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iheartseverus

What's Your Country?

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Last spring, spanish subtitles for Lost were consistently up 24 hours after an episode would air in the US. And better translated than the official dubbing that came up 4 month later. Do not underestimate the power of sheer passion, my friend.

I agree, but we were comparing two "legal ways" : Buy the U.S. DVDs or waiting the "local" DVDs ; not other :pirate: solutions.

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I have no idea whether or not Swedish television will pick up the series, but regardless, I will download episodes from the internet. First of all because it's the fastest way, I can watch it right after it has been broadcasted in 'merica. Second of all, I don't actually own a television set. Will buy it on bluray/DVD as soon as it is released on such, though.

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Some corporative high-salary HBO mastermind should just figure out a way to let people watch things online after paying a fee. I mean, Anazon is selling books, iTunes is selling music, why can´t HBO sell their shows? It ca´t be that difficult, and it sure as hell would be profitable. I am seriously considering cancelling my cable suscription seeing as I only seem to be watching things on Internet now. There are things I can´t wait 1 week for, let alone a year. Who in his right mind would wait a year to watch GOT? Is it my fault I happen to be spanish?

I completely agree. I hail from the bullskin too and seeing things legally in Spain is a real pain. You have to wait for a channel to decide to air it first. Some things which are having a very big success they have done very quickly (House) while others they've sure taken their time with (Sopranos). It's anybody's guess when or who will decide to air AGOT and whether it will be aired by a public or cable channel (and what company cable, at that...), but chances are it will be 6 months to a year after the series has finished abroad.

Dubbing in Spanish is also like rolling a dice, some of it is pretty good, but some of it is awful. I'd rather see the series in its original language.

It's pretty silly, because I'd be perfectly happy to buy something and must resort to other means simply because the seller won't sell because of where I happen to live. If he did, he'd get my business and my money, since he doesn't I'll have to download. I'll buy the DVD when it comes out, of course. Probably the UK version rather than the Spanish one, though.

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I'm so frikkin glad that the Dutch do not dub anything (well some kids programs they dub). Subtitles all the way!

If HBO makes sure I can resort to legal ways of seeing the show at the same time the US can I will do that. If not, as said above, piracy it's gonna be.

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I completely agree. I hail from the bullskin too and seeing things legally in Spain is a real pain. You have to wait for a channel to decide to air it first. Some things which are having a very big success they have done very quickly (House) while others they've sure taken their time with (Sopranos). It's anybody's guess when or who will decide to air AGOT and whether it will be aired by a public or cable channel (and what company cable, at that...), but chances are it will be 6 months to a year after the series has finished abroad.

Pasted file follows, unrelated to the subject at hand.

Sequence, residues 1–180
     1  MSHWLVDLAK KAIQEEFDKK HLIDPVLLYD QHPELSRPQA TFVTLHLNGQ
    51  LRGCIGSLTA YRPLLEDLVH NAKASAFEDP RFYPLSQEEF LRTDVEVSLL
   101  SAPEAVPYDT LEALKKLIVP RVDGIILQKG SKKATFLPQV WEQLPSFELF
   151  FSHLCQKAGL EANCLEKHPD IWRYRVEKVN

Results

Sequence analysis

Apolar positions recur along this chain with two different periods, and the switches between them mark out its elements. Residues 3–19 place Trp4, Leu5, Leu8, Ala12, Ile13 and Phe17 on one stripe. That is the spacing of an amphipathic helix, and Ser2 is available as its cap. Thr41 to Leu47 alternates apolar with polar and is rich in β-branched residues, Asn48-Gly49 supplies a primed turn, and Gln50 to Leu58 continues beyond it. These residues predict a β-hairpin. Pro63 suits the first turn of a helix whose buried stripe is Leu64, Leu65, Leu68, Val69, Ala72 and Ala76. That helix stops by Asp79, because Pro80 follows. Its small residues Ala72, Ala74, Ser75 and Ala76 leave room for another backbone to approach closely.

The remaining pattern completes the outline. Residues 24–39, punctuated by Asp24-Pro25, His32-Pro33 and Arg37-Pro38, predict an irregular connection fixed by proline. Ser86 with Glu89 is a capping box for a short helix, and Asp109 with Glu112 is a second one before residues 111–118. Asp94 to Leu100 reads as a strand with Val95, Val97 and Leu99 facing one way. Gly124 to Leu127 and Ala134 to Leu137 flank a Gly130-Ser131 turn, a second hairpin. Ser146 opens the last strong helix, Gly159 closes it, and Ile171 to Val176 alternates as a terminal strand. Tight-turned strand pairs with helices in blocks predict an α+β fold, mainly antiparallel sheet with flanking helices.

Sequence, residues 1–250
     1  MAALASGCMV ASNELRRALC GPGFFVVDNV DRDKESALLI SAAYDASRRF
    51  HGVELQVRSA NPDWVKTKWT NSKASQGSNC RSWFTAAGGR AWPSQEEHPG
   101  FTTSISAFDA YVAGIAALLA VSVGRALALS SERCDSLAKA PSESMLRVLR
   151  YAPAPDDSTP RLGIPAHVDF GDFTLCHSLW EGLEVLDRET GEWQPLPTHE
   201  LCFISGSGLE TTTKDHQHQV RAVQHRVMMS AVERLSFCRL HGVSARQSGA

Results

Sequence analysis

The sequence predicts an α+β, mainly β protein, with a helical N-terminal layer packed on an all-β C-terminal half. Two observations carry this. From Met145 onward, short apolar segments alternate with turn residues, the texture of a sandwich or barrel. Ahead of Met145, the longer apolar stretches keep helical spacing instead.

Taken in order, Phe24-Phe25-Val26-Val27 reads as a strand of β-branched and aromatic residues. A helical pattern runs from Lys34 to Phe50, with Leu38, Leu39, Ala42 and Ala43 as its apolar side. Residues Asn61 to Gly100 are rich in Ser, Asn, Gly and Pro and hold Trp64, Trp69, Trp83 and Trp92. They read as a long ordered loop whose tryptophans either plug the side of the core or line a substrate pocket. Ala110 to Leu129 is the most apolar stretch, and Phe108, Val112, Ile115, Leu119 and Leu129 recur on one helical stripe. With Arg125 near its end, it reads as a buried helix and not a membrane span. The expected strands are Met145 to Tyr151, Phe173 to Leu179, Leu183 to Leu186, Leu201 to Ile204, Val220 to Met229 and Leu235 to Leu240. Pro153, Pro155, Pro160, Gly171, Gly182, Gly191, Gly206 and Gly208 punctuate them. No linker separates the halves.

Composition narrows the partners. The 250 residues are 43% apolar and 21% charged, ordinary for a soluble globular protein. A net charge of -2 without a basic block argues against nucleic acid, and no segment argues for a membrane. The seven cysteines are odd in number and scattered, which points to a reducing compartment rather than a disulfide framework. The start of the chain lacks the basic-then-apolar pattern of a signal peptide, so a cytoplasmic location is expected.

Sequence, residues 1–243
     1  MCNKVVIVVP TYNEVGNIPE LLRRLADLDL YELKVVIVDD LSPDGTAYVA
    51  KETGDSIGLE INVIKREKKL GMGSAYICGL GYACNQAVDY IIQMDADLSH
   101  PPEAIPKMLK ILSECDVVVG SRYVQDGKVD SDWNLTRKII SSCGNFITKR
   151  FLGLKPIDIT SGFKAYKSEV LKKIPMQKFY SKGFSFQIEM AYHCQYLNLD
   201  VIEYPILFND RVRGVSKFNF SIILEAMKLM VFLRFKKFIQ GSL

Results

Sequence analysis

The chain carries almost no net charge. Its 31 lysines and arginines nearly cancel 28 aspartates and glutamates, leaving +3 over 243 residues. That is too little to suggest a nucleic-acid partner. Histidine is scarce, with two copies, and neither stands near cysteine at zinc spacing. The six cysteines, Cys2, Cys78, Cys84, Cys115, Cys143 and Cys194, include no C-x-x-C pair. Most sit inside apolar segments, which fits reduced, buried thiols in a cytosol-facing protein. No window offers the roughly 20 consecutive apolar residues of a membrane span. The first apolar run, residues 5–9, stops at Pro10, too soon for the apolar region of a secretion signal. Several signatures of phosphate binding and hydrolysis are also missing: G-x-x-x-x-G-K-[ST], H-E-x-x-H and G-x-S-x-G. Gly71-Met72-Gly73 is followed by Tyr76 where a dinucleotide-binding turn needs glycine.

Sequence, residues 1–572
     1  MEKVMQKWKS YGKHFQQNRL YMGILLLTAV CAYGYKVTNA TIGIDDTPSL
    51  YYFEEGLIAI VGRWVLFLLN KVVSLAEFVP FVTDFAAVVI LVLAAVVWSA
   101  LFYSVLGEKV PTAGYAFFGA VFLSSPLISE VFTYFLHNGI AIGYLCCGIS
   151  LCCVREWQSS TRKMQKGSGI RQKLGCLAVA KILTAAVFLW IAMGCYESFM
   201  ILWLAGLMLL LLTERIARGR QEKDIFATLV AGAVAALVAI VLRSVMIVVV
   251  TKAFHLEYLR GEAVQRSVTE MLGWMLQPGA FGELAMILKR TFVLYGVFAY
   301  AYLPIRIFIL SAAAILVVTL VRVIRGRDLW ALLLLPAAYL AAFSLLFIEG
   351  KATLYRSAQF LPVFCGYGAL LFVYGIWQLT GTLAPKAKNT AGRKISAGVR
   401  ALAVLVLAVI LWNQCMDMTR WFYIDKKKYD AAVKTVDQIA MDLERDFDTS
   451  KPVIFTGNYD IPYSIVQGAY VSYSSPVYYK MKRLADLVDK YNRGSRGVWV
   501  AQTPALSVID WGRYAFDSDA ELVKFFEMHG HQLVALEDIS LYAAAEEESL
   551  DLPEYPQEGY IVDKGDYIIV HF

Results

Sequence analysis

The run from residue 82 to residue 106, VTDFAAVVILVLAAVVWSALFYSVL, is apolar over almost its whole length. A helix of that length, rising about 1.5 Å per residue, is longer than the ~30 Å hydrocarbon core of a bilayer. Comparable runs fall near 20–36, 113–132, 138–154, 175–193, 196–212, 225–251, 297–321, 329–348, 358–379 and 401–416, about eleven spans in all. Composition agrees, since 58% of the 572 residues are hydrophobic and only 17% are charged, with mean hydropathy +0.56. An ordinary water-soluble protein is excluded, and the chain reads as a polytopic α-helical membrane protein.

Dubbing in Spanish is also like rolling a dice, some of it is pretty good, but some of it is awful. I'd rather see the series in its original language.

It's pretty silly, because I'd be perfectly happy to buy something and must resort to other means simply because the seller won't sell because of where I happen to live. If he did, he'd get my business and my money, since he doesn't I'll have to download. I'll buy the DVD when it comes out, of course. Probably the UK version rather than the Spanish one, though.

The question is, we don't have the possibility to get it legally. Which is absurd, and leads to the logical conclusion that a lot of people will get it anyway, and for free. Stupid.

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Back in the days of high-powered transmitters, most of the Republic could pick up the TV signals passively from transmitters in Northern Ireland and Wales without a problem, so I think they did a deal with the BBC so they could retransmit the service across the whole country. The number of Irish EastEnders fans I encountered when I lived in the far west of Ireland was quite surprising :)

Same is true of the Netherlands, Belgium and France, large chunks of which along the coast picked up the TV overspill from Britain, and again as they got used to having those TV services the national governments made deals with the BBC to continue showing the channels even as the transmitters got toned down and after they're all switched off across the next couple of years (actually, maybe not in France, I'm not sure).

Aha! So the Irish are a nation of theives! :P

It's actually possible to get Radio Scotland MW in Germany.

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It is important to remember that the BBC are cofunding Game of Thrones, which automatically gives them transmission rights in the UK. The question mark is how quickly they will show the series. Recently the BBC were going the right way by showing Heroes within one week of US broadcast, but they've just announced that they might wait until January to show Season 4, five months after it debuts in the USA, which is a retrograde step. They've also only just started showing The Tudors when S3 was completed months ago in the USA and they've actually started filming S4 (I believe).